"The Queen on the balcony!" Lafayette kisses the hand of
Marie Antoinette in front of a cheering crowd
The royal family during the storm of Versailles: Louis XVI (sitting) issurrounded by his family and in the background four guards try to bolter the door

Women's March on Versailles
Infuriated women on the Faubourg Saint-Antoine market place in Paris
Another depiction of the Women's March -
the Versailles Palace can be seen in the background
Secret door of Marie Antoinette's bedroom - she escaped through it when the
rioters came for "the Austrian's head"
Depiction of Marie Antoinette fleeing into her husband arms. The text reads:
"Oh dear husband, save me from their rage, in your arms I will fear no outrage."

Sunday, 14 April 2013

Affair of the Poisons

During Louis XIV's reign the infamous Affair of the Poisons was played out. The court was a tense place and
the competition for influence, titles and privileges escalated when courtiers suddenly died and the fear of poisoning was ever present. It would cost several people their lives and there are still many whose deaths seem just a little to sudden to be by natural causes ..

Gabriel Nicolas de la Reynie - head of
police in Paris
The Affair of the Poisons lasted from 1677 to 1682 when Louis XIV was presiding over the French court. It all began with the trial of Madame de Brinvilliers. She was charged with having poisoned her father and two brothers - this conspiracy was allegedly planned with her lover, Godin de Saint-Croix. The crime was aimed at insuring the estates that would inevitably pass on to Madame de Brinvilliers after the death of her male relatives. Madame de Brinvilliers knew that she had little chance of being found not-guilty, so she fled but was captured at Liège. It turned out that she was right - she was found guilty and sentenced to death for witchcraft and poisoning. On July 17, she was tortured, beheaded and her remains were burnt at the stake.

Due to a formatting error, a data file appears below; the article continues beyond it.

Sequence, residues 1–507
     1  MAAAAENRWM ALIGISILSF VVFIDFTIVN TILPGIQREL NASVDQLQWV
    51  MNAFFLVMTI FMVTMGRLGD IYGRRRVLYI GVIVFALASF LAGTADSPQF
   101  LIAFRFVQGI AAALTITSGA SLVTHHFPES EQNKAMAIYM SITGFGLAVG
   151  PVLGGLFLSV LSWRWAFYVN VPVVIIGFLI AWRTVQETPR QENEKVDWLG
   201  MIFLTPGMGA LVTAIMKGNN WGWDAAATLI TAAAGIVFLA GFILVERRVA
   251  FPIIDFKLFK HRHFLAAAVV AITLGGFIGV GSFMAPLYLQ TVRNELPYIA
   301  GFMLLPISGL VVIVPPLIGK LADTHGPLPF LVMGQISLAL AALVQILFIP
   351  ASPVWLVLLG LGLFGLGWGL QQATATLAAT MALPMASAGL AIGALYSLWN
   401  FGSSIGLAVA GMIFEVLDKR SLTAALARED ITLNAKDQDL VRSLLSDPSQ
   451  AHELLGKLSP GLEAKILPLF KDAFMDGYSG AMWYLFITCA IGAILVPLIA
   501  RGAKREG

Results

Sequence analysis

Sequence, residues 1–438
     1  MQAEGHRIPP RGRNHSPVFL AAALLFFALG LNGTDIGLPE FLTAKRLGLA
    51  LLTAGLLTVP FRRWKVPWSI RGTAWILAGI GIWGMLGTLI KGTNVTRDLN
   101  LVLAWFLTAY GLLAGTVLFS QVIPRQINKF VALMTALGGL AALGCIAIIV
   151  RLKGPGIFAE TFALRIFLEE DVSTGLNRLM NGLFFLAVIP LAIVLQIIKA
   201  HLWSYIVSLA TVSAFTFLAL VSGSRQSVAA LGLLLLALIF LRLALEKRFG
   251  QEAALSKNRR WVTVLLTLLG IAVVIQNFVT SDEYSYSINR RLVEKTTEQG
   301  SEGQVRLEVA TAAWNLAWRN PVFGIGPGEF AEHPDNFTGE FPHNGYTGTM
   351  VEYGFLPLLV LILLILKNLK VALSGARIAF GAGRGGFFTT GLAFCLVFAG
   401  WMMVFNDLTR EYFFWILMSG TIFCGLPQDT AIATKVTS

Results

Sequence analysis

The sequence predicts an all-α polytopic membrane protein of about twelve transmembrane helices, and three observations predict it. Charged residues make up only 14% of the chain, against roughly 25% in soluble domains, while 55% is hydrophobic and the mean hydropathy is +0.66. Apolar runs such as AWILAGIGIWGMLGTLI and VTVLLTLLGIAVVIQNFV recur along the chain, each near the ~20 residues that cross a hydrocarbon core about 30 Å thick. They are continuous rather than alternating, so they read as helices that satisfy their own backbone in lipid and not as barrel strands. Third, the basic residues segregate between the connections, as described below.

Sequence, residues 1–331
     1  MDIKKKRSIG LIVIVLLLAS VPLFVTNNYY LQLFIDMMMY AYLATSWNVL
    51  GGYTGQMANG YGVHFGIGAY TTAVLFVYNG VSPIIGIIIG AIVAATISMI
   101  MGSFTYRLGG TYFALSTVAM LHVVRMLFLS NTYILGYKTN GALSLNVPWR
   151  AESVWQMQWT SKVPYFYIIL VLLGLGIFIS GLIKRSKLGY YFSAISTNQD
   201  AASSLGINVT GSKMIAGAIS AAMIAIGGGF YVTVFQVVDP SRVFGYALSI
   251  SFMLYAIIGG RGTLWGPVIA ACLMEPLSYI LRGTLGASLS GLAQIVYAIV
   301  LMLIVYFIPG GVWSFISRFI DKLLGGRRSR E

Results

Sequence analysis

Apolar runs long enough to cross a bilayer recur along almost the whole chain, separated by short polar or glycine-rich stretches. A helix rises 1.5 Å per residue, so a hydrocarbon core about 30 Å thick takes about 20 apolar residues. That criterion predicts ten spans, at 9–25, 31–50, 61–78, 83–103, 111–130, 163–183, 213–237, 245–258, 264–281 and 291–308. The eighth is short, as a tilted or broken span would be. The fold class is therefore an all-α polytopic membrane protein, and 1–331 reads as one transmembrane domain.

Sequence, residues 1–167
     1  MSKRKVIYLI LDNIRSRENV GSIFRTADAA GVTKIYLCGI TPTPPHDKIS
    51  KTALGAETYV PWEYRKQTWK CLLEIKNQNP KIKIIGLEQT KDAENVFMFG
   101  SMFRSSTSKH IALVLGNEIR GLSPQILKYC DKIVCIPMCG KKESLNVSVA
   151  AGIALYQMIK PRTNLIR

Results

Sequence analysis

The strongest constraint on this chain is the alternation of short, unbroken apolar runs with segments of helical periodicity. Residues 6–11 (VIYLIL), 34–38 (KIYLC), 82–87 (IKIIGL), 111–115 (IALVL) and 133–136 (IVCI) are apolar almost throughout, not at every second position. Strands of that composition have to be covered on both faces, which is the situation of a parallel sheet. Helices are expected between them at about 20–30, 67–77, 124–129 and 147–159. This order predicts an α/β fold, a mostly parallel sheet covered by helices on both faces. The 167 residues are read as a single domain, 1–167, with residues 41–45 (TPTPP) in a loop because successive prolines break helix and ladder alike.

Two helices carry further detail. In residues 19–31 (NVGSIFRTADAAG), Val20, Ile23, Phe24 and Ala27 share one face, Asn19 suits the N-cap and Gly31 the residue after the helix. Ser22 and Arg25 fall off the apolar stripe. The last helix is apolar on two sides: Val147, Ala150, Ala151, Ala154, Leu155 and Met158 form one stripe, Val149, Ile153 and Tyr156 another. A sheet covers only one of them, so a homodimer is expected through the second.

Following the arrest of Magdelaine de La Grange, the situation quickly reached the very centre of power at court. Magdelaine had appealed to the Marquis de Louvois and insisted that she knew of other cases that would surely be of his interest. Louvois immediately went to the highest authority he could think of: the King. Alarmed, Louis XIV quickly contacted Gabriel Nicolas de la Reynie who was the top of Parisian police and demanded that Gabriel were to catch all the poisoners - suck out the poison.

Consequently, the Parisian police began an investigation that would start with the interrogation of obvious suspects such as fortune tellers and alchemists. It was suspected that they had provided the poisoners with so-called "inheritance powders" - or poison. Some of the accused were tortured and promptly gave up several names of high-ranking people who had wanted to rid themselves of their rivals.